Assessment of Salmonids and Their Habitat Conditions in the Walla Walla River Basin within Washington: 2006 Annual Report

Category: Fish/Shellfish Research

Published: September 2007

Pages: 192

Author(s): Glen Mendel, Jeremy Trump, Mike Gembala, Scott Blankenship, and Todd Kassler

Executive Summary

This study began in 1998 to assess salmonid distribution, relative abundance, genetic characteristics (stock status and trends), and the condition of salmonid habitats in the Walla Walla River Subbasin within Washington.

Stream flows in the Walla Walla Subbasin continue to show a general trend that consists of a decline in discharge in late May or June, followed by low summer flows and usually an increase in discharge in fall, or later in winter. Stream flows in the mainstem Walla Walla River have shown substantial increases in some areas in recent years. The increase is apparently associated with a 2000 settlement agreement between the U.S. Fish and Wildlife Service (USFWS) and the Irrigation Districts to leave minimum flows in the Walla Walla River. We documented low flows in the fall in the mainstem Walla Walla River that are far below the settlement agreement flows. The low flows we documented of less than 15 cfs likely create a severe limitation on salmonid survival, migration or use of this portion of the river. Additional emphasis needs to be placed on maintaining adequate stream flows in the fall, in addition to during summer and late spring.

Stream temperatures in 2006 in the Walla Walla Subbasin were similar to those in 2005. Upper montane tributaries maintained maximum summer temperatures below 65°F, while sites in the middle and lower Touchet and Walla Walla rivers frequently had daily maximum temperatures well above 68°F (high enough to inhibit migration in adult and juvenile salmonids, and to sharply reduce survival of their embryos and fry). We summarized the water temperature data for several sites in the lower reaches of the Walla Walla River, Mill Creek, Dry Creek and the Touchet River and compared seven day maximum temperatures with thermal criteria for unimpeded fish passage. We identified many sites and years with apparent thermal passage impediments in the lower portions of each of these stream systems. High temperature is possibly the most critical physiological barrier to salmonids in the Walla Walla Subbasin, but other factors (available water, turbidity or sediment deposition, cover, lack of pools, etc.) also affect salmonid distribution, survival, migration, and breeding success. Increased flows in the Walla Walla River from the USFWS/Irrigation Districts settlement agreement have not produced consistent improvements to water temperatures in the settlement area within Washington, or to stream flows and water temperatures downstream.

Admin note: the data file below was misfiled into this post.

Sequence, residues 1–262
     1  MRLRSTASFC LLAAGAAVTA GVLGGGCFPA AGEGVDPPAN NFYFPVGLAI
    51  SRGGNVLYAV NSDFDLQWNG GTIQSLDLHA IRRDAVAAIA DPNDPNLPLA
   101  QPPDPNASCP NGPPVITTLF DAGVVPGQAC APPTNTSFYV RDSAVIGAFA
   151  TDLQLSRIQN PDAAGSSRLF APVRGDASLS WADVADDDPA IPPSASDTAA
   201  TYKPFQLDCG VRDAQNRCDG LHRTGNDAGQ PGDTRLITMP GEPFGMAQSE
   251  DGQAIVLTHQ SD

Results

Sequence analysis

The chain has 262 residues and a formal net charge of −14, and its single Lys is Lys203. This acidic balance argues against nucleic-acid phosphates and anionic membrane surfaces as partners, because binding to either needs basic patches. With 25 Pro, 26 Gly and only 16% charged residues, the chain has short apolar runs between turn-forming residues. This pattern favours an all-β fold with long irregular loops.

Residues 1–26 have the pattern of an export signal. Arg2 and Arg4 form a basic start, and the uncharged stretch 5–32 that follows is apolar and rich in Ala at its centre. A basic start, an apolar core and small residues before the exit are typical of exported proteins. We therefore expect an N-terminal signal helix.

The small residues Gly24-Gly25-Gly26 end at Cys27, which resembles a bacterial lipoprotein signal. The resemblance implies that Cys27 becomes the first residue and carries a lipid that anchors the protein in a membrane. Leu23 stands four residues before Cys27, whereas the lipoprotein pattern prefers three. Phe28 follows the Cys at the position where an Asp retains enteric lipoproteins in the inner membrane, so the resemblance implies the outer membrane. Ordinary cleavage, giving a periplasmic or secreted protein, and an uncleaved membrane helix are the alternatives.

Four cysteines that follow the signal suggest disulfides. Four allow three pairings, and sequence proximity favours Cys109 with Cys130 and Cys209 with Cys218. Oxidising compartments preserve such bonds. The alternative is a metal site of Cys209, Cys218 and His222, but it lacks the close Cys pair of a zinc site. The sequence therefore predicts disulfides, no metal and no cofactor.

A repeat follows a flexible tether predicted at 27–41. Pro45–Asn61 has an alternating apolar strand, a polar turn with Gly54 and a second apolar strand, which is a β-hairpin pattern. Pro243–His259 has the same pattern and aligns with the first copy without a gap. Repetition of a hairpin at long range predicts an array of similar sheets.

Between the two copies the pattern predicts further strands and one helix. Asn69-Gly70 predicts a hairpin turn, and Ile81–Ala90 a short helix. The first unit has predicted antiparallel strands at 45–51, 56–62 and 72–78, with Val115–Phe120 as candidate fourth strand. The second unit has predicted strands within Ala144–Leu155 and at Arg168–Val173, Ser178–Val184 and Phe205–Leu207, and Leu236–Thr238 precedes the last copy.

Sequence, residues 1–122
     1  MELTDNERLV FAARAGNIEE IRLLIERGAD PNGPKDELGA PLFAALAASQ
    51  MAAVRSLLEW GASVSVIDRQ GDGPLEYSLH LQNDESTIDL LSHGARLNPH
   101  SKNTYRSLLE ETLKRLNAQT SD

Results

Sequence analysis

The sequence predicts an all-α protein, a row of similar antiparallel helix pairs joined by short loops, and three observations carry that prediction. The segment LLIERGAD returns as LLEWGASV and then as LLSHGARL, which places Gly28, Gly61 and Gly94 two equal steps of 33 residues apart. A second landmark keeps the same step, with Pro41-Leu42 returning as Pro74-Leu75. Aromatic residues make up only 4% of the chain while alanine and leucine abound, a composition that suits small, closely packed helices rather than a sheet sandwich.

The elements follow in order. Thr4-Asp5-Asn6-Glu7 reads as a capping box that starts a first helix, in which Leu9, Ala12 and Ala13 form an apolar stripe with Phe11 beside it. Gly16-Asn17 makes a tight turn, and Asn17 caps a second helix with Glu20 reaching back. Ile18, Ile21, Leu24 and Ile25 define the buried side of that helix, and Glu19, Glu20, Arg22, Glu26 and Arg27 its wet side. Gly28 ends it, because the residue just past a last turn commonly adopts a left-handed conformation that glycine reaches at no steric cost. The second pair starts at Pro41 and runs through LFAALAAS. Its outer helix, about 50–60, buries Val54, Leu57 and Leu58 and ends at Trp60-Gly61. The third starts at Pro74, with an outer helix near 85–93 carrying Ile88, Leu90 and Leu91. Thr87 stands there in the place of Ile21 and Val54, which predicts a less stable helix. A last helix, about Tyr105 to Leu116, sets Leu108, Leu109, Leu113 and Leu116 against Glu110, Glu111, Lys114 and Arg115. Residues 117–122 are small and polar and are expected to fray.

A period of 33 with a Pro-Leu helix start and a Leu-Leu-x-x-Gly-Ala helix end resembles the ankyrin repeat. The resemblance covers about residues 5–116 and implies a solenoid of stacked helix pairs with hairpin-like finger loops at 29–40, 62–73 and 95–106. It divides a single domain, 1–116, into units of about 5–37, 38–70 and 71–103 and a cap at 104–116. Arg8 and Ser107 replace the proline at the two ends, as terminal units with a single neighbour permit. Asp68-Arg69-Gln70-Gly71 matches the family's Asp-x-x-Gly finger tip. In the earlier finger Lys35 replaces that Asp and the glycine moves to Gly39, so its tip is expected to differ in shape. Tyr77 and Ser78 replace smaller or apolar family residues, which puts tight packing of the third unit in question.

Rainbow/steelhead trout (Oncorhynchus mykiss) represent the most common salmonid in the subbasin. Other salmonids including; bull trout (Salvelinus confluentus), chinook salmon (Oncorhynchus tshawytscha), and mountain whitefish (Prosopium williamsoni) had low densities and limited distribution throughout the subbasin. We began a detailed review of all the fish sampling data WDFW has available from several hundred sites since 1997 to examine distribution of rainbow/steelhead, whitefish, bull trout, chinook, brown trout and lamprey. The data summary provides an evaluation by stream reach of distribution and relative abundance for these species. All these species, except rainbow/steelhead, have fairly limited distribution within the Washington portion of the basin. Rainbow/steelhead have widespread distribution, although they are absent during summer in some of the portions of headwater areas and in the lower reaches of the basin where water temperatures are high.